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Michael

Thank you!

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Candice

Hey roger,
I just purchased 17.75 18×18 (?) sq ft porcelain tile for a bedroom. the edges are a straight cut. I hate grout seams! The local supplier recommended 1/4″ spacers. Could I go smaller and if so, how much smaller?

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Roger

Hi Candice,

Absolutely you can go smaller – 1/4″ is ludicrous. I normally use 1/8″ on floors and 1/16″ on walls.

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Ellie

I am just wondering if my tiles in the bathtub are too close together and if the grout space is too small. The space is around 1mm, so will the grout wash out and cause water damage? And what should be done to prevent this?

Ellie

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Roger

Hi Ellie,

You haven’t shown me a grout space in the photos, you’ve shown me a change of plane (wall changes direction), those need to be silicone. Grout has ABSOLUTELY NOTHING to do with waterproofing. Nothing. Your substrate behind the tile should be waterproofed before tile is installed on it. Silicone has nothing to do with the waterproofing either. Grout does not ‘wash out’, movement causes grout to crack and come out of the grout lines. That is normally caused by improper waterproofing.

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John

Here’s an artical that explains how to do it.

http://homeguides.sfgate.com/lay-tile-grout-lines-49834.html

Tell me what u think. By the way the water intrusion that I get is from up threw the slab, so I have to consider Hydrostatic pressure. My thinking is letting the water come up through the gaps between the tiles is better than having grout blocking it. I’m ok with a few inches of water every year, as long as the tiles/ grout doesn’t pop loose. How does dirtra do with this pressure? Seems like it would get pushed up because it would block the water. Also the porcelain tile that looks like wood that doesn’t need grout, was on display in my local Home Depot.

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Roger

Something on display at home depot does not make it correct. Because you found a diy article on the internet about how to do it does not make it correct. I know how to do it, I also know not to do it. Had you read the article that I wrote above, you would know exactly why it is not correct, why it is not a procedure endorsed by the tca handbook, and why you should never do it.

Your concerns with the water affecting the tile bonding, or the grout are unfounded. Neither thinset nor grout are negatively affected by exposure to water. Again – ditra is a good solution to this particular installation.

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John

Hi Roger, looking for some advice (obviously). I am looking to tile my basement floor which is cement. It previously had some old vinyl or asbestos tiles down which were held down by some black mastic. After Hurricane sandy hit and they were under 4′ of salt water for a day, a lot of the tiles popped. I have since scrapped off the rest, used a solution called Beaniedoo to liquefy the remaining black mastic, and then used vermiculite to absorb that, and then used a degreaser on the entire floor after that. My question now is what is the best solution for tileing/ finishing the floor? There is a reoccurring problem of getting about an inch or 2 of salt water down there during Noreasters and even more during hurricanes, even with my 2 sump pumps going. I’ve looked at rubber tiles, epoxy (which I heard would bubble up), snap together porcelain tile (which sill needs to be grouted but not mortared), and porcelain tile that looks like wood that needs to be mortared but doesn’t need to be grouted (there installed edge to edge). Any input would b greatly appreciated.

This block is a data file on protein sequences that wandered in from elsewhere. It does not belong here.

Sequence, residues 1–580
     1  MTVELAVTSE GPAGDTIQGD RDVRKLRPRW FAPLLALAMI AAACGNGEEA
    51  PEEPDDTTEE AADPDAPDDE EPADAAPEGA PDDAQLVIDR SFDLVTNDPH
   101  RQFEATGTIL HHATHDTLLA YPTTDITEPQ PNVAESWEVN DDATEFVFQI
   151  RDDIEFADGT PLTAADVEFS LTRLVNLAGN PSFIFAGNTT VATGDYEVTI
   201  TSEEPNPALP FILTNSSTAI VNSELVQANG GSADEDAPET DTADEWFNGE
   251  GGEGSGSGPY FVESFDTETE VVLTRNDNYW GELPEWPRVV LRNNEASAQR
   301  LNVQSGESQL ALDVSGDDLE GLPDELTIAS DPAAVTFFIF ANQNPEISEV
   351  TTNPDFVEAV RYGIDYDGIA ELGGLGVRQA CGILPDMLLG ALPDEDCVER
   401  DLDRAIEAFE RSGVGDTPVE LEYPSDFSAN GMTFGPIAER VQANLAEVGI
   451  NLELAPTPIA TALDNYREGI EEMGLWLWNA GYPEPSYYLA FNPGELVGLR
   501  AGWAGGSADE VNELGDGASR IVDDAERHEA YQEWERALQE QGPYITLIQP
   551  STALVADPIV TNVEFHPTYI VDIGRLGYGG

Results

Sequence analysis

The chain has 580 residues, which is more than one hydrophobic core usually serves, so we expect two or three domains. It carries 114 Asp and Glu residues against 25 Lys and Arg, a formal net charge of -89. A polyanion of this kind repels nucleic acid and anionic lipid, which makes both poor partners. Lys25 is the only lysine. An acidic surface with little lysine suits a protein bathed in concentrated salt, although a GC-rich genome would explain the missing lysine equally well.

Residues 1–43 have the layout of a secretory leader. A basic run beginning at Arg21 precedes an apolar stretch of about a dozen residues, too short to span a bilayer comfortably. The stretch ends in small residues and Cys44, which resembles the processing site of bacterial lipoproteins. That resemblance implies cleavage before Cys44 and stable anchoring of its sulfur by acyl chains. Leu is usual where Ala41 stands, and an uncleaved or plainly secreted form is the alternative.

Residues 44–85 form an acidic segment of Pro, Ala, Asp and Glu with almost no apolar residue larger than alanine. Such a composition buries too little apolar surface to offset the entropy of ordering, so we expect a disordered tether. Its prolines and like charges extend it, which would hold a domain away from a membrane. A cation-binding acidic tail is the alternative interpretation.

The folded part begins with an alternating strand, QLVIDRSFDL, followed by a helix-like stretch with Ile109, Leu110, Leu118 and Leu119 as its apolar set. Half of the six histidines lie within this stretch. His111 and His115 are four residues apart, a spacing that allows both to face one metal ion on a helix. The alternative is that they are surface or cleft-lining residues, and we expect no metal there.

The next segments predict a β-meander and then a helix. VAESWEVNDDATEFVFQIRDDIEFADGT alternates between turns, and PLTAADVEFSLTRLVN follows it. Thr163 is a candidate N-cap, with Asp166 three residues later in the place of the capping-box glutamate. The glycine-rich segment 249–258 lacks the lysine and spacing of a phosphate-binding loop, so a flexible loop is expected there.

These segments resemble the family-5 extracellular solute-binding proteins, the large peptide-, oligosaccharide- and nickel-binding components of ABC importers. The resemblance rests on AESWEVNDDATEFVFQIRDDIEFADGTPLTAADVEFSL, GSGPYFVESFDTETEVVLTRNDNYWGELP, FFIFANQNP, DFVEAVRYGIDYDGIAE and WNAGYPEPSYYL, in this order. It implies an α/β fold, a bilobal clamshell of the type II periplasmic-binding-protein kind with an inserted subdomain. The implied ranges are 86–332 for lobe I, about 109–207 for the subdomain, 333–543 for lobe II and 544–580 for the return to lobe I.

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Roger

Hi John,

Perfect spot to use ditra. The tile isn’t actually ‘bonded’ to the ditra, it is mechanically locked into the dovetailed top with mortar. Properly installed it will outlast your issues. And I don’t know who told you about that wood porcelain that is mortared down and butted, not grouted, but that’s a line of BS.

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Aldo

Hi Roger
I’m retiling a bathroom flloor. The existing tile is in perfect shape (no craps or loose tiles). Rather than rip up the floor I was wondering if I can lay new tile on top of the existing tile using a mastic? Thanks.

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Roger

Hi Aldo,

Not using mastic you can’t. You need a mortar specified for a tile over tile installation (they’re expensive). And you’ll need to prep the existing tiles to accept that installation, grinding the finish off, etc. It is always better to simply remove what is there before installing new stuff.

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Gary

I plan on installing porcelain tile over concrete on our outside patio. How long does the new concrete need to cure before laying the tile?

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Roger

Hi Gary,

Minimum of 28 days.

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Luke Deardurff

Roger, hello.

My contractor has begun installing my marble tiled shower. I does not look like he has used any spacers here, and has placed the tiles very close. It does look like there is a thin layer of grout between, but a) is it enough? B) how do we solve/continue without it looking crappy? Can we start using 1/32 spacers?